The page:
Monday, May 27, 2019

Bechorot 37-38: Trephination

Once again, I find myself taking issue with a Talmudology post. Trephination might be mentioned in the Mishna / Talmud, but why did the ancients practice this art?

Let us start by establishing the meaning of the word מקדח. It literally means a drill or borer, rather than the hole made by a drill. To cite Jastrow:

Talmudology writes:

בכורות לז,ב
ובגולגולת ב"ש אומרים כמלא מקדח וב"ה אומרים כדי שינטל מן החי וימות
Concerning the deficiency in the skull: Beit Shammai say that it must be missing a piece like the size of a drilled hole, and Beit Hillel say: It must be missing an amount that if removed from a living person, he would die.
But just how big is Bet Shammai’s “size of a drilled hole?” In tomorrow’s daf (38a) we learn that it is the size of “the small drill hole, used by physicians” (בקטן של רופאים). So around the first century BCE there were physicians going around drilling holes (of various sizes) into the skulls of the living. Why on earth would they do such a thing, and just how common was this practice?

I believe that this is a mistaken translation. It is not that the physicians were drilling holes of various sizes, large and small. Rather, there were drills of various sizes. The Mishna in Ohalot, cited by our gemara, contrasts Rabbi Meir's position that it was a hole made by a small drill, that of doctors, to the chachamim who say it is the hole made by a larger drill, used in the Temple:

דתנן באיזה מקדח אמרו בקטן של רופאים דברי רבי מאיר וחכ"א בגדול של לשכה
As we learned in a mishna (Oholot 2:3): With regard to which drill did Beit Shammai state their opinion concerning an incomplete skull? It was with regard to a small drill of doctors, used for drilling bones. This is the statement of Rabbi Meir. And the Rabbis say: It was with regard to a largedrill, such as that used in the Temple chamber. According to the mishna concerning a window that imparts impurity, the size of this drill is like that of a sela coin, and the opinions of Beit Shammai and Beit Hillel would still be identical.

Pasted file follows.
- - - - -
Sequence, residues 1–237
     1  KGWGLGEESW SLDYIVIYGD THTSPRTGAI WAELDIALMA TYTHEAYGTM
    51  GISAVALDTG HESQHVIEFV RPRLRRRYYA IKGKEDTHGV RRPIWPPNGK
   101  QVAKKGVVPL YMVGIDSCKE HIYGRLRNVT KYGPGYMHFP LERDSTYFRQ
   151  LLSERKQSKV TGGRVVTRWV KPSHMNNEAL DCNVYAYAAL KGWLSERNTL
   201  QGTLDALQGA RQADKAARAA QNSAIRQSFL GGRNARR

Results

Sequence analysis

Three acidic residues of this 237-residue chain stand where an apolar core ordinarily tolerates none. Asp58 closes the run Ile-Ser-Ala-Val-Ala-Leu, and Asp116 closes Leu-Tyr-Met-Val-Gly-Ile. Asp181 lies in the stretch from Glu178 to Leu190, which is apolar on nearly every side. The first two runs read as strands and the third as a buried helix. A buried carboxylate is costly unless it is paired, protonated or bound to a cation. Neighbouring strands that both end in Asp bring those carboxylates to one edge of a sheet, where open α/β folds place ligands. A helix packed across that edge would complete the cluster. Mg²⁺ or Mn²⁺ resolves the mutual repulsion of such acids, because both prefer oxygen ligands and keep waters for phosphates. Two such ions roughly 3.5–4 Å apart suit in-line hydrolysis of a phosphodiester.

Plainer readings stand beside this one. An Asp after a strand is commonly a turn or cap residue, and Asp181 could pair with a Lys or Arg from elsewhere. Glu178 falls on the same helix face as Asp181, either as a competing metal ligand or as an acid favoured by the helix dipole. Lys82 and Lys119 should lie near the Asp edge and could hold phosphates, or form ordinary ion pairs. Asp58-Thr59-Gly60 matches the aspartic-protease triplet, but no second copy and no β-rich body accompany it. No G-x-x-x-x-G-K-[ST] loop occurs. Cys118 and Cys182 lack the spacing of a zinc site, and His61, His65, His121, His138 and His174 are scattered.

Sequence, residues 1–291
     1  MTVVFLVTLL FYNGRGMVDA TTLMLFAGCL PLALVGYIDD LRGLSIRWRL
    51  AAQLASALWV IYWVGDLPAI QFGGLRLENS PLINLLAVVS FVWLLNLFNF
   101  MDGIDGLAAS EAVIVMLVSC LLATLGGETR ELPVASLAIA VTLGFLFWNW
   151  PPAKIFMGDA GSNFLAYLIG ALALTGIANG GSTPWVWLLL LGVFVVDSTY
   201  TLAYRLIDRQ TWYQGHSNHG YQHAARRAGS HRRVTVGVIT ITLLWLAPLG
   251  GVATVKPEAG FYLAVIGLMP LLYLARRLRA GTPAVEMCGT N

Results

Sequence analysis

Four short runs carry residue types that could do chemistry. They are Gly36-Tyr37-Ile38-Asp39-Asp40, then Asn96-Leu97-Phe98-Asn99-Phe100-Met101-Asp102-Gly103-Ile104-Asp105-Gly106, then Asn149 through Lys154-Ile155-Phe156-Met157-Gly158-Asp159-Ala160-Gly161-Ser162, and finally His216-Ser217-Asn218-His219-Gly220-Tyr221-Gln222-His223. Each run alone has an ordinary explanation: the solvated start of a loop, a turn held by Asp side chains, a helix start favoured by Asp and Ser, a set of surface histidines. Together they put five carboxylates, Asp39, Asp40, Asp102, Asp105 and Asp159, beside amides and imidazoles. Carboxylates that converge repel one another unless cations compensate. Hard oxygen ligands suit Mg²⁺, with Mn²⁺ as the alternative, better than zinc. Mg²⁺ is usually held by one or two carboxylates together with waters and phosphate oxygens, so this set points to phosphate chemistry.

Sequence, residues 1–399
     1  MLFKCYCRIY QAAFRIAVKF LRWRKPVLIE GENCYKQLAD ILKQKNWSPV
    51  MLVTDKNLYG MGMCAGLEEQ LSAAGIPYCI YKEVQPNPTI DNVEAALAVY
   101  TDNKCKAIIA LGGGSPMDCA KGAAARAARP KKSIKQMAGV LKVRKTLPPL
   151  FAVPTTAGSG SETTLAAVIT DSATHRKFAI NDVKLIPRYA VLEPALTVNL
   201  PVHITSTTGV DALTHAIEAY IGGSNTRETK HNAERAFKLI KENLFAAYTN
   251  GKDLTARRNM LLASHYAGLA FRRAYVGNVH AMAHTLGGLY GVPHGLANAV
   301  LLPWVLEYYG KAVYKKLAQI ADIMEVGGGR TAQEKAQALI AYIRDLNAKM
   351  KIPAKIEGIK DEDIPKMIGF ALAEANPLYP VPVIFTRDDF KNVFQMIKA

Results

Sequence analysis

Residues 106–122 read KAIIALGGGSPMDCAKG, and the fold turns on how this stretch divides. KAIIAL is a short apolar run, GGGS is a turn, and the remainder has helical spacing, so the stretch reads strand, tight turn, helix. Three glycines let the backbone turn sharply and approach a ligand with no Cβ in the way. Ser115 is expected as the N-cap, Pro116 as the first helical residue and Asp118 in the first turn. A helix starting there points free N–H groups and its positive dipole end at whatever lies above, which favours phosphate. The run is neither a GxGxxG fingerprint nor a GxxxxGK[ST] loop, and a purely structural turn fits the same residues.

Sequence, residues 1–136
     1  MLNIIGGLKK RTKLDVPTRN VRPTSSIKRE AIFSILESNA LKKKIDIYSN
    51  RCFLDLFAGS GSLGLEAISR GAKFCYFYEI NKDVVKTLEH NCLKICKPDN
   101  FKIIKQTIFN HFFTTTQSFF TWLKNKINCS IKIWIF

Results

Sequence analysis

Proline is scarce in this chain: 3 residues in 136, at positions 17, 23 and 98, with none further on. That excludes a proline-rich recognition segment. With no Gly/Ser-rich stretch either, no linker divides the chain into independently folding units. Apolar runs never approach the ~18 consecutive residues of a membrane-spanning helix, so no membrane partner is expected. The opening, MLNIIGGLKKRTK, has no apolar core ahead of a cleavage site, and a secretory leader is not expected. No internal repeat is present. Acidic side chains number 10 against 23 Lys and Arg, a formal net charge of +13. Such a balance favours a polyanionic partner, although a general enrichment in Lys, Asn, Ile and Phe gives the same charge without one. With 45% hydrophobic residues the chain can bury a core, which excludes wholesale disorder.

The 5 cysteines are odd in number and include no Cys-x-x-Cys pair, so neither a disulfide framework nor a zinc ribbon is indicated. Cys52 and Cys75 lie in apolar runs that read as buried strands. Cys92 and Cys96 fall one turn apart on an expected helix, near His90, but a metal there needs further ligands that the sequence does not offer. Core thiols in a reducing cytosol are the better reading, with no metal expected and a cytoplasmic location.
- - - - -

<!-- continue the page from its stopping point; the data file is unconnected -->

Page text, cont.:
So it is not a small vs. large hole that doctors make, but rather a smaller hole, made by the smaller drill, which is the standard drill doctors use. Nothing in the Mishna or gemara itself states that doctors use this to drill a hole in a skull - trephination -  rather than in other bone, but Rashi does in fact make the leap and state that the doctor drilled a hole in the skull:

באיזה מקדח אמרו - ב"ש בגולגולת כמלא מקדח כקטן של רופאים שקודרין בו את הראש לתקן את המכה:
Along the way, Rashi also gives an explicit reason the doctors would drill such a hole - to fix a head injury.

This is also where I think Talmudology missed the boat. Why did the doctors drill into the skull? He should mention Rashi. Instead, the only scientific discussion is why it was practiced in rather ancient cultures, as a result of superstition:

“ opening in the head, trephination, could be “the activating element,” the act that could allow the demon to leave the body or the good spirit to enter it, for the necessary “undying” process to take place. If deities had to enter or leave the head, the opening had to be sufficiently large…The head was chosen for the procedure, not because of any particular intrinsic importance or because of magic or religious reasons, but because of the unique and universally accumulated experience observed by primitive man in the Stone Age with ubiquitous head injuries during altercations and hunting. Otherwise, the pelvic bone or femur could have served the same purpose. We must recall that even the much more advanced ancient Egyptian, Mesopotamian, Hindu, and even Hellenic civilizations believed the heart to be the center of thought and emotions, not the brain. In fact, the association of the heart with emotions lingered to the present age.
And so it was that the procedure came to be practiced across the world. This may also explain how it also ended up being used in ancient Israel, and trickled down into a teaching about ritual impurity cited by Bet Shammai.

If the purpose was to discuss the science of the Talmud, it seems that here would be a place to discuss trephination as contemporary science, as practiced by Galen, or by Hippocrates. For instance, here is Hippocrates:

That is just a taste. It is utterly confounding that he doesn't present this from a medical perspective.

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